Track Record: Won Best Documentary at Chicago Film Festival; won Best Documentary at NY Underground Film Festival; screened at Toronto Film Fest and Rotterdam.
Lowdown: Documentary about a writer whose unauthorized biography of George W. Bush, “Fortunate Son,” is picked up by a semi-underground publisher after being dumped by a mainstream house due to legal and political pressures. Writing in indieWIRE, Tim LaTorre said, “Rather than painting their subjects as martyrs, the filmmakers uncover how the tough journalistic and business decisions of people under stress — at times influenced by ego, greed and the genuine passion to expose the ‘truth’ — can have a very human, tragic toll.”
Director: György Pálfi
Cast: Ferenc Bandi, József Forkas, Attila Kaszás
Track Record: Hungary’s submission for the Academy Awards, won New Director’s Award at San Sebastian Film Festival, played in Toronto 2002, Jury Recognition at Torino 2002; won Best First Film, Foreign Critics Award, and the Student Jury Prize at the Hungarian Film Festival; won Best Feature Award at the Santa Fe Film Festival; won Festival Diploma at the Molodist International Film Festival 2002; won Audience Award at Cottbus Film Festival of Young East European Cinema 2002.
Lowdown: Hungary’s submission for Oscar consideration, directed by first-timer György Pálfi, “Hukkle” is a dialogue-free small-town portrait (except for the sound of hiccups and a final song) that is equal parts exquisitely shot nature documentary, experimental film, and murder mystery.
“Il Più Bel Giorno Della Mia Vita” (“The Best Day of My Life”)
Director: Cristina Comencini
Cast: Virna Lisi, Margherita Buy, Sandra Ceccarelli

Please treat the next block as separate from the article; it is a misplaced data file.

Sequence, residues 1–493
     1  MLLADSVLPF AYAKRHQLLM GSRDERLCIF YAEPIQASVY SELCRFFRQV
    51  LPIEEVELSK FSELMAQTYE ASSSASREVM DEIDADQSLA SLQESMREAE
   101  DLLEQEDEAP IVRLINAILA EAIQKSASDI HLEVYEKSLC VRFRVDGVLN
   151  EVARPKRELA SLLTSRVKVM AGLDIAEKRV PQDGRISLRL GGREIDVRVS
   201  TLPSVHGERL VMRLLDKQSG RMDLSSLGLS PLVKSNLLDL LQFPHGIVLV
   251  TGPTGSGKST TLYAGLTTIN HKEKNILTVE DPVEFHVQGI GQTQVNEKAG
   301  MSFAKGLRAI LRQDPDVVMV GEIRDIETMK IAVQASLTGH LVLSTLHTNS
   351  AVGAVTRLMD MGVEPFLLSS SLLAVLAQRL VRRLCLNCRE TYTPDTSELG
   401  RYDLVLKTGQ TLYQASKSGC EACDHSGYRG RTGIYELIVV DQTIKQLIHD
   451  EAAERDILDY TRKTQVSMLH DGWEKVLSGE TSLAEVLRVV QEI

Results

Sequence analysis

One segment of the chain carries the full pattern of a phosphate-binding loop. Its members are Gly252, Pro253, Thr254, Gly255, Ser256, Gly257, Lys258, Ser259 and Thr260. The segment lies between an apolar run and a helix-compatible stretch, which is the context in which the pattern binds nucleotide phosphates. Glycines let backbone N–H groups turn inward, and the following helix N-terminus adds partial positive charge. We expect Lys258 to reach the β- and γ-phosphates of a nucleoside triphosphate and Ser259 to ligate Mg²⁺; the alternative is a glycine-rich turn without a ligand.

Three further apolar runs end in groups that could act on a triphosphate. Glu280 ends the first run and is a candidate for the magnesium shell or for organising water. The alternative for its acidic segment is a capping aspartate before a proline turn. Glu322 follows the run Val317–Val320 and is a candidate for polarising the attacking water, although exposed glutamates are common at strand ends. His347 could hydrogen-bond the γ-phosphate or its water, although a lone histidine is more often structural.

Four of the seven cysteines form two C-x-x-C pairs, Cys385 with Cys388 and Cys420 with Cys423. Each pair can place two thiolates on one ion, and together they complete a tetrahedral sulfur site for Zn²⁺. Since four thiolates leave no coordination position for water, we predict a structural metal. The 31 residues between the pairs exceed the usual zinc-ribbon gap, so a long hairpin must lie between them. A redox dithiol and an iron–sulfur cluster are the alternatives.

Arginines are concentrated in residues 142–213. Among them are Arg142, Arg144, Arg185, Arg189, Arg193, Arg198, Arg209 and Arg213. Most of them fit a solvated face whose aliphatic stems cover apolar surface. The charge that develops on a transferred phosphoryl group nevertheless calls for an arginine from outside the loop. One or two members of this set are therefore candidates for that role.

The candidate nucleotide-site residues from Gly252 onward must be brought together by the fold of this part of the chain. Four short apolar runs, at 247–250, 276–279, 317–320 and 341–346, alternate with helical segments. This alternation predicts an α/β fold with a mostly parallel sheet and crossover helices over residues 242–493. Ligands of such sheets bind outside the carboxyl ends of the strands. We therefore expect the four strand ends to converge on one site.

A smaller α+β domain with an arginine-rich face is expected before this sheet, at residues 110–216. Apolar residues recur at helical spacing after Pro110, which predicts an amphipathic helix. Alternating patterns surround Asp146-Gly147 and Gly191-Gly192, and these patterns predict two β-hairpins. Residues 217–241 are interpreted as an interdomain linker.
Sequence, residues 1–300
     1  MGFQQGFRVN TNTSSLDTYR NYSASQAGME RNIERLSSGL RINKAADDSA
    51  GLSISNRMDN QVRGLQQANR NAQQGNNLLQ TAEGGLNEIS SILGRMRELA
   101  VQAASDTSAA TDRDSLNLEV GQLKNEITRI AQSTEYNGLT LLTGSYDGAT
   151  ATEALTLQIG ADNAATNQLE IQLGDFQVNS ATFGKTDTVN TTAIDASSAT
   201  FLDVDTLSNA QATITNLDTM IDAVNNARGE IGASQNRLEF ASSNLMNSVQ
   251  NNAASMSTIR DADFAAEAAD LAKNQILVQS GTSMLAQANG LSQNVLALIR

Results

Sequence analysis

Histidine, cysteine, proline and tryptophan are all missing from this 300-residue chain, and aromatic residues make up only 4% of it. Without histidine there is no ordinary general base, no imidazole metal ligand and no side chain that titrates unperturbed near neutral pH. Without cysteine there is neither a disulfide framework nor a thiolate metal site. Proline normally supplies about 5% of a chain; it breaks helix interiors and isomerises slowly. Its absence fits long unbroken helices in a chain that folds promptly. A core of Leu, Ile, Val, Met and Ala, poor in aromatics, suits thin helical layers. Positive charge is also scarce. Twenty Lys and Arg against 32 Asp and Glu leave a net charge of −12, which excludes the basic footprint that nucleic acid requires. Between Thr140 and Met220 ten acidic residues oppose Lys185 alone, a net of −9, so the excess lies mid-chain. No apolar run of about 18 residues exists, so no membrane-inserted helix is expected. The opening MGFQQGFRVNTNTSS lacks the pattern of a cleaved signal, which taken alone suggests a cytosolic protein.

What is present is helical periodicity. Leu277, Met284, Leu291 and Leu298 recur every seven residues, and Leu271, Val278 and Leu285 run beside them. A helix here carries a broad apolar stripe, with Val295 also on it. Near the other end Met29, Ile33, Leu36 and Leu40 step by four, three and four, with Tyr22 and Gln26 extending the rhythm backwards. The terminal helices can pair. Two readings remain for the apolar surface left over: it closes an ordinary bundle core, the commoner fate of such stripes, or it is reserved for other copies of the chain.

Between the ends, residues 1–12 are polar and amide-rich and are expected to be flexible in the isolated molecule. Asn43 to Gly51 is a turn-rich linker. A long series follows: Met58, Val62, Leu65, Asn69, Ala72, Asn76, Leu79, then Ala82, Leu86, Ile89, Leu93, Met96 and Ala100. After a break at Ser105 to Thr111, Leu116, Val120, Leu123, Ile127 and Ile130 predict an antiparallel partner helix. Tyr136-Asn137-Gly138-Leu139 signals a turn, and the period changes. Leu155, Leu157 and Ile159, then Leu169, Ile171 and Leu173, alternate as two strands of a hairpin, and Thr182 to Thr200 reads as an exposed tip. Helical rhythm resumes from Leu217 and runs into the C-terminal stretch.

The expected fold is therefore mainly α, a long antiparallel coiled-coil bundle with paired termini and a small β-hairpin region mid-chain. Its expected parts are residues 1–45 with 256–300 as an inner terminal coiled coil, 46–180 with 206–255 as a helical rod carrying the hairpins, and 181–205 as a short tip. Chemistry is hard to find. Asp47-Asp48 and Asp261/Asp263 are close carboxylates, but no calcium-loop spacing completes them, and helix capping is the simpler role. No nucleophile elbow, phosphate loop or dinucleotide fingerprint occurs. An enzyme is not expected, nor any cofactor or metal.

Track Record: Won Best Screenplay and Best Supporting Actress at the Italian National Syndicate of Film Journalists; screened at Berlin, Torino, Venice, Brazil, Locarno, Cannes, and Berlin.
Lowdown: A huge family comedy/drama starring former sex idol Virna Lisi as Mama. Often very funny, frequently moving, and constantly sexy, this film has the makings of an art-house hit.
Directors: Larry Clark and Edward Lachman
Cast: James Ransone, Tiffany Limos
Track Record: Screened at Toronto, Thessaloniki, Venice, Vienna and Valladolid International Film Festival.
Lowdown: “Kids” director/photographer Larry Clark and famed cinematographer Ed Lachman have worked on this labor of love for many years. Southern California teenagers find solace from their troubled lives by having lots of sex — with each other and occasional adults. This highly controversial film isn’t for everyone, but perhaps more people should have the chance to see it for themselves.
“The Last Just Man”
Director: Steven Silver
Track Record: won Audience Award and Humanitarian Award at Hot Docs Canadian International Documentary Festival; won a Canadian Gemini for Best History Doc for History’s TV; screened at Hamptons International Film Festival, Newport Film Festival and Human Rights Watch Film Festival.